Migrate your tenant to another data-center (1 of 3)

  • 20 February 2017
  • 8 replies

Since the end of last year Nintex for Office365 is also available in various data-centers around the globe (Europe, Australia, Japan). If you're a new customer you can choose the data-center where your tenant will be hosted. I makes sense to choose a data-center that is close to your location - and that is close to the region where your Office365 tenant is being hosted.

If you already previously created a Nintex for Office365 tenant, this tenant is hosted in the US. But the good news: you can migrate that tenant to another data-center! So in my case I'm located in Germany and my Office365 tenant is hosted in Europe. So each time I access the Workflow-Designer in Office365 I have to make round-trips to the US - a round-trip within Europe would be faster.

The actual migration of the tenant was a no-brainer. Just contact either Nintex or your trusted Nintex Partner of choice and the migration will be prepared and executed in the background. After a couple of days you'll get feedback: your migration was successful!

After the migration comes the publishing

After the migration was completed you are faced with a challenge: all workflows have to be re-published!

The reason for this is the fact, that certain actions are not actually executed within the workflow manager of Office365, but rather they are executed by Nintex-hosted services. Since Office365 does not allow to add custom actions to the workflow-engine (like Nintex is doing in on-premise), this is the only way to extend the workflow-platform.

During the publishing-process of a workflow, there are actually service-calls being added to the actual workflow which is published to the workflow manager. These service-calls point to a certain data-center. So if you created a workflow while the tenant was hosted in the US, these service-calls are pointing to the West-US data-centers. So the workflows will continue to work, but the workflow-manager will still need to make round-trips to the US, even though the tenant is located in Europe.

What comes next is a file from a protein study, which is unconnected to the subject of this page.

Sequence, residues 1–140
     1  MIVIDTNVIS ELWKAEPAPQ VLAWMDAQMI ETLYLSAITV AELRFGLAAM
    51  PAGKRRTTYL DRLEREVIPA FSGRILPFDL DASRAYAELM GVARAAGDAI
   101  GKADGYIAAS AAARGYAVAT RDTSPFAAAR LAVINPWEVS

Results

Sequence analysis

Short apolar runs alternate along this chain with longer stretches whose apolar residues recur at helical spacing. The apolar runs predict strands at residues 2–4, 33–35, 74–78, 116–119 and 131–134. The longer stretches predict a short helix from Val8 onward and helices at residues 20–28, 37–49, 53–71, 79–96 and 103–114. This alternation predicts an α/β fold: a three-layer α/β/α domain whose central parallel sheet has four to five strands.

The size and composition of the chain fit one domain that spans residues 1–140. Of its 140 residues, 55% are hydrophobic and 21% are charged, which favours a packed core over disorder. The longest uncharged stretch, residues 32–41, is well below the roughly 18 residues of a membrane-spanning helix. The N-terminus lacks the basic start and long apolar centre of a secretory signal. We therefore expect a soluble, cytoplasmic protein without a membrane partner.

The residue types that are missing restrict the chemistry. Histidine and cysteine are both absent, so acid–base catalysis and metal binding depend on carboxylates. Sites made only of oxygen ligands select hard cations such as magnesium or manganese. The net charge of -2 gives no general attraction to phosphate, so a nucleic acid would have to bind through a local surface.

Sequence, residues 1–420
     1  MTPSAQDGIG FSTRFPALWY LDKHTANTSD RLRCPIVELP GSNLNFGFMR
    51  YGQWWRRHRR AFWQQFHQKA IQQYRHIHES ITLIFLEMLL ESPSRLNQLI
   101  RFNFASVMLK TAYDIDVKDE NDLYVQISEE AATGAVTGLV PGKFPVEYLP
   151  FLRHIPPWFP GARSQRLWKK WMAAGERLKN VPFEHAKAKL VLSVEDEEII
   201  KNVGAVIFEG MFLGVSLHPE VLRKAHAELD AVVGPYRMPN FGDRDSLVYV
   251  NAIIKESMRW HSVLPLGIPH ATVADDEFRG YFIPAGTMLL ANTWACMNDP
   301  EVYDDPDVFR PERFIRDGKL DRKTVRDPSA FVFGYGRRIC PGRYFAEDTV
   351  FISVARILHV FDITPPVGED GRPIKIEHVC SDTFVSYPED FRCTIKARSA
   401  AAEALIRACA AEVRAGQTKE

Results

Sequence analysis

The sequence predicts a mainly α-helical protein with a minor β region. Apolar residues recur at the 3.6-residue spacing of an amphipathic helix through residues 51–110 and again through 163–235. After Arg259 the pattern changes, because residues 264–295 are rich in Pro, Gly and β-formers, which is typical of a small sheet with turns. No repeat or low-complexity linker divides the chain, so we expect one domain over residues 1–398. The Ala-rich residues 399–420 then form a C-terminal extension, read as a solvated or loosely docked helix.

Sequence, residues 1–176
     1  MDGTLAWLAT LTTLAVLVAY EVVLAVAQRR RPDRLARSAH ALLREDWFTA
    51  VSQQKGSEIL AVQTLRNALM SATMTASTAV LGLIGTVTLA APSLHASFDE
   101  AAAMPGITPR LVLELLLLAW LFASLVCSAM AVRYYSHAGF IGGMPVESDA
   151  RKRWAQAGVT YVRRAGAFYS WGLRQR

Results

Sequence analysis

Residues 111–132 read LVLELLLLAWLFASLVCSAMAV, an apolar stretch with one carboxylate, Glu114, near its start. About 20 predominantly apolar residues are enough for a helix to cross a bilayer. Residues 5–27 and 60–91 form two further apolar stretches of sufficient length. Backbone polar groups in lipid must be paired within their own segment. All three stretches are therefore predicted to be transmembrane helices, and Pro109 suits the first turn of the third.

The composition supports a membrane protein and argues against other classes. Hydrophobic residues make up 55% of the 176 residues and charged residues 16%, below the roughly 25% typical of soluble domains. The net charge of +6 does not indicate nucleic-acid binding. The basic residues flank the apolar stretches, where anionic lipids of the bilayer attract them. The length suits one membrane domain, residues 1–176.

So to "fix" this you'll have to re-publish all of your workflows. Depending on the version of your Nintex Workflow for Office365 app, you might have to update the app prior to re-publishing, because you need to have at least version 1.0.4 in order to take advantage of the new data-centers.


It's just a matter of overview

That being said - actually re-publishing all workflows doesn't seem to be that easy. If I'm currently looking at my Office365 admin-center I see just about 250 site-collections! Now I would have to go to each site-collection, look for all workflows and re-publish them.

But wait: there is no such overview of all workflows in a site-collection in Office365. And even worst: Nintex Workflow for Office365 is an app, that is being activated at a site-level! So I need to check each site in every site-collection whether the app was deployed there.

But once I get to the workflow-gallery of the site, I should at least get a list of all workflows in that site.

The column "workflow type" suggest that this list should contain site-workflows as well as list-workflows - but that is currently not the case. The workflow-gallery (accessed via the Nintex Workflow for Office365 app) only shows site-workflows. To find all the list-workflows I have to check the workflow-gallery of each list individually. So this "overview" didn't work out as expected.

I will cover how to gain a better overview in the next part.

8 replies

ohhh... I wait with anticipation of the next article, it's like Serial all over again, maybe I'll start a post so we can discussion this post and come up with theories about what the next one will contain ... a post about a post!

Do you feel it's better to have the Nintex Service hosted closer to you or closer to datacentre where SharePoint is located.

Example is SharePoint data located in East Asia, Microsoft gave option to move to Australia but said what would impact cache efficiencies as data would be locked to Aus data centre, with users in all regions (primarily US and AUS).